Shorba Baidha, literally means white soup. It is a classic soup in Algeria & is extremely simple to make. The subtle flavours work well together to make a delcious, light soup. I have to say this is one of my all time favourite soups. It's great all year round but especially loved during Ramadan or to eat when you are feeling ill. It is the egg yolk that makes this soup white so don't leave it out! The chicken in Algeria is free range & has a rich taste, if you use non-free range chicken, you might need to throw in a stock cube...

    Recipe #387504

    This is a classic Algerian 'salad' dish. You can either grill the tomatoes & peppers over an open flame, deep fry them or roast them. My family loves this recipe & we always mop it up with fresh bread! You can also serve this as part of a mezze selection. The vinegar is of course optional but it acts as a flavour enhancer so I do recommend at least trying a little of the salad with a few drops of vinegar on!

    Recipe #387393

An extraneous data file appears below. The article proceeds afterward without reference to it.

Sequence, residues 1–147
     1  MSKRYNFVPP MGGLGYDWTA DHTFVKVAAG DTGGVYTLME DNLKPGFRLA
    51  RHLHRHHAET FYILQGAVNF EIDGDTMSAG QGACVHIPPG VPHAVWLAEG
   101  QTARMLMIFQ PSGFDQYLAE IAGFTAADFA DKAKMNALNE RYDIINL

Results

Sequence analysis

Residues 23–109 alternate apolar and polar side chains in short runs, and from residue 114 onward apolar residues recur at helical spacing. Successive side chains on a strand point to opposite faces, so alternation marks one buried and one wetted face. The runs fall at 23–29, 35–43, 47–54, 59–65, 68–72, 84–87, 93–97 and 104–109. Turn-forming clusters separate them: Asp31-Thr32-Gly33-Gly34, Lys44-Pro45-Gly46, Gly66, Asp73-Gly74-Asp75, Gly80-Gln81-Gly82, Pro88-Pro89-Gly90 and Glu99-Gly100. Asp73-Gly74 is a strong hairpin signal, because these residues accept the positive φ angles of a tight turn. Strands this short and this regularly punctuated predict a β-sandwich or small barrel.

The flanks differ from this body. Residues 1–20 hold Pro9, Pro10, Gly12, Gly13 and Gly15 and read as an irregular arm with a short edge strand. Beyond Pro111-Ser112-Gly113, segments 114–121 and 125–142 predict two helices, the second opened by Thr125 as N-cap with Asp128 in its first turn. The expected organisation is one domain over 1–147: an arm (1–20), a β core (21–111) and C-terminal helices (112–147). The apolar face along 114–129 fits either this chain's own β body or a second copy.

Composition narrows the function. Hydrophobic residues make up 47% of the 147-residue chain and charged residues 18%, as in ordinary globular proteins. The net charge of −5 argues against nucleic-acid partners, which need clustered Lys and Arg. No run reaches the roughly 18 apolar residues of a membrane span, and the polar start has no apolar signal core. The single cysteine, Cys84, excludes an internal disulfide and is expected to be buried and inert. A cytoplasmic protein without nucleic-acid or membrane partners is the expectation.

This dish is a regional speciality of an area of Algeria called Constantine. For best results, use freshly steamed couscous. This dish is often served with laben aka buttermilk. You can substitute raisins for the dates, just soak them for 5 mins in hot water.

    Recipe #387392

    This is a quicker way to make laben / buttermilk than my other recipe & is a great way to have a constant supply. Make sure the buttermilk is as fresh as possible. Also make certain your mason jar is spotlessly clean! The amounts here are just your base, as long as you have a ratio of 1 part buttermilk to 4 parts milk you'll get great results. For anyone in the UK wanting to try this, I use a 2 pint bottle of whole milk & a 284ml container of St. Ivel Cultured Buttermilk. I then stand the mix in my kitchen for 24 hours & bingo! Note: If you would like a reallllly thick buttermilk, use 1 part buttermilk & 3 parts milk.

    Recipe #387273

    Here is the second of my Algerian bourek recipes. I have also posted a Chicken & Preserved Lemon Bourek recipe. This cheese & potato bourek is another of my family favourites & there never seem to be enough! You can use phyllo dough instead of the spring roll sheets. You can also add a few finely chopped olives in place of the gherkins. If you're not familiar with making bourek, have a look at the NA*ME Fourms Bourek Demo: http://www.recipezaar.com/bb/viewtopic.zsp?t=310912